James McLaren Ross was born 100 years ago today in London, his middle name honouring the landlady of the boarding house the little family inhabited. It was a portent of the innumerable temporary addresses James would occupy as his fortunes waxed and (more often) waned. But by that time he had changed his first name, customised the middle and upgraded it to surname status and become a louche living legend of Fitzrovia and Soho.
It’s hard to shake the suspicion that if an author of Julian Maclaren-Ross‘s undeniable gifts and compelling myth had emerged anywhere else in Europe but Britain, his centenary would be a much bigger deal. Unless I’ve missed something, there are no festivals, no street-name dedications, no multi-page features in the big foldy-out newspapers to mark the milestone. What we can expect, apparently, is a BBC Radio 4 documentary, and following an event at Westminster Library last night, on Monday the Charlotte Street Hotel is hosting an evening of Maclaren-Rossian revels.
One of the great services Maclaren-Ross renders in his best-known book, Memoirs of the Forties, is to grant life to occupants of his world beyond the numerous noted writers and artists of his acquaintance. So along with Dylan Thomas, Cyril Connolly and Graham Greene, he lends forgotten characters a substance and complexity which elevate them from bit-player status. His sense of colour, back story and telling details are all illustrated in this excerpt, in which describes one of his fellow regulars at the The Wheatsheaf:
Curtain-up on the evening was signalled by the arrival on the dot of six of Mrs Stewart, who lived on her old-age pension in one of the tenements at the foot of the alley and was collected by her married daughter towards closing time or when the pub became too noisy. Mrs Stewart was a very small elderly lady dressed in black silk with yellow-white hair and she arrived always carrying two evening papers in which to do the crossword and an alarm-clock to time herself by. She always drank bottled Guinness and having assembled her alarm clock, evening papers, spectacle case, purse, and other properties on the table, sat in front of them on a leather-covered bench which ran along the right-hand wall by the corner of the bar.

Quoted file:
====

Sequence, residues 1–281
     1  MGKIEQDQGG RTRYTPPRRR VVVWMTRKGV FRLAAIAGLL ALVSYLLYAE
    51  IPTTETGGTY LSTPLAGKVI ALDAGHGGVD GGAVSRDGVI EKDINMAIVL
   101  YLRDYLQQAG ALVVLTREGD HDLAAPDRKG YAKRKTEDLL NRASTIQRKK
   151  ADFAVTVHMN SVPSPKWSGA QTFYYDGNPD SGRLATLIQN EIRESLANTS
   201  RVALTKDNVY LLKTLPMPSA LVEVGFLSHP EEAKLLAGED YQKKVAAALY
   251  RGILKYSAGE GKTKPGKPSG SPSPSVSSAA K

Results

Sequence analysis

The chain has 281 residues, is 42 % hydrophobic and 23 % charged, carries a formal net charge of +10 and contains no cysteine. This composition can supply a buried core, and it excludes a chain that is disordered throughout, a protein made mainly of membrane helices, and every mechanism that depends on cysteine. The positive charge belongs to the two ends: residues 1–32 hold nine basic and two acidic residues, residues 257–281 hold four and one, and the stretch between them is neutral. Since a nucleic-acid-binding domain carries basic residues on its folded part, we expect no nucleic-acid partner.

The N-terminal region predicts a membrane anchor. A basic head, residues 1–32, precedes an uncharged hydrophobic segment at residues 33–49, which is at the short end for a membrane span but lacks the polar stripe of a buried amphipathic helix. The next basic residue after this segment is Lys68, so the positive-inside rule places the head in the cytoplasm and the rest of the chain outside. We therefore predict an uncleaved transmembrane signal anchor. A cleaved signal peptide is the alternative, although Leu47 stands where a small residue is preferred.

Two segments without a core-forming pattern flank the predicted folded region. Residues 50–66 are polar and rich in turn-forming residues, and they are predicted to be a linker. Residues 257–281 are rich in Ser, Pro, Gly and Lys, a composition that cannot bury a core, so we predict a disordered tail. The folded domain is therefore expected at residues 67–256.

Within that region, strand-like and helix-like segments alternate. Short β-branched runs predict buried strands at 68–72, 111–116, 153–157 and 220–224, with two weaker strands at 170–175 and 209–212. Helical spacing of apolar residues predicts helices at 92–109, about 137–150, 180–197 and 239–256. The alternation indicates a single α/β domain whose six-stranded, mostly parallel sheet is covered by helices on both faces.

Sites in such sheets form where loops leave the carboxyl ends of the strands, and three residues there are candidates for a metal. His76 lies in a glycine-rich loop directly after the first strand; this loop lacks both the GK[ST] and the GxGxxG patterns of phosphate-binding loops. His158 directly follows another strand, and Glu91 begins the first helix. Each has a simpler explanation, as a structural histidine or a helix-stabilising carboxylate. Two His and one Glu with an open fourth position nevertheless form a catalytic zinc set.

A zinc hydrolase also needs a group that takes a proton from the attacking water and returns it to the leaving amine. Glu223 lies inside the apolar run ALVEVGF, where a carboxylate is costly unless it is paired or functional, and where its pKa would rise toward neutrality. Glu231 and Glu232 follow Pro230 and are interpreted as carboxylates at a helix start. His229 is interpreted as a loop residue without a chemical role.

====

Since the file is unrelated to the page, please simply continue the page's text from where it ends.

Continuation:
It was in this corner, propped up against the wooden partition of the seat, that I stood for many years (though not, as has been said, underneath my own tartan), having displaced from this strategic position a Central European sports writer on a daily picture paper by the simple expedient of arriving each evening earlier than he was able to.
The sports writer was furious and hated me virulently because of this, since for years before my arrival on the scene he’d been able to lean there, wearing a brown porkpie hat and camel hair coat of inferior quality, speaking to few but hoping always that tourists would say: ‘Who is that interesting-looking foreign man over there?’ as he struck a Napoleonic pose and stared superciliously ahead with his pouched eyes through the smoke of a nonchalantly puffed-at cigarette.
Having permanently dislodged him however (for if prevented by business from getting there in time, I would have someone else to hold the corner), it became my duty in turn to keep Mrs Stewart’s place, to pass over the Guinness in exchange for the exact money produced from her purse, and to see that well-intentioned idiots did not try to help her with the crosswords, a thing she hated above all. Great care had to be exercised in offering her a drink, it could only be done by split-second timing when her nightly ration was running low, but she was very proud and from certain people who plonked down heartily before her an open bottle, with the words ‘Have that one on me Ma,’ she would not accept anything at all.
She was spiky and occasionally irascible. Happily she approved of me, but Dylan Thomas and the poetess Anna Wickham she could not stand at any price. Red and Frances shared, originally, her dislike of Dylan, Mona to a lesser extent (luckily, or he wouldn’t have been allowed in), but later when he had begun to broadcast they chanced to hear him on the radio and from then on nothing was too good. Mrs Stewart either didn’t own a set or was perhaps too deaf, for her opinion of Dylan always remained unchanged, despite the attempts of Red and Frances to win her over to what was now their side.
And yet she was no stranger to people of this sort. In Paris as a young woman she lived in Montparnasse where she’d known Pascin, Hemingway and Joyce, also Dennis Corrigan who’d once been my uncle’s partner on the Côte and later hanged himself with his necktie in a prison cell awaiting trial (a paperback thriller called Hangman’s Tie was found lying below the bench from which he’d kicked off).
Corrigan Mrs Stewart had mainly met on the racecourse, but her encounters with the painters and writers had been in the Paris cafés and her stories about them always ended with her saying: ‘And there they were my dear, staggering about just like you and the rest of the young fellows are doing today.’
She was unlike the other old ladies in that she never spoke of the past from a personal angle, so nobody was told what she herself had been doing in Paris at this period. Nina Hamnett, who was better at painting old people than she was with the young, did a superb portrait of her, which for some time after she died hung above the spot where for so long she’d sat, though I don’t know what happened to it in the end.
The death of Mrs Stewart – in the late Forties or early Fifties – marked, as writers of memoirs are fond of saying, the passing of an epoch, and it might have pleased her to know that she’d become a symbolic figure to a whole new generation now no longer young: for there are few former Wheatsheaf habitués whose eyes fail to light up in memory of her name.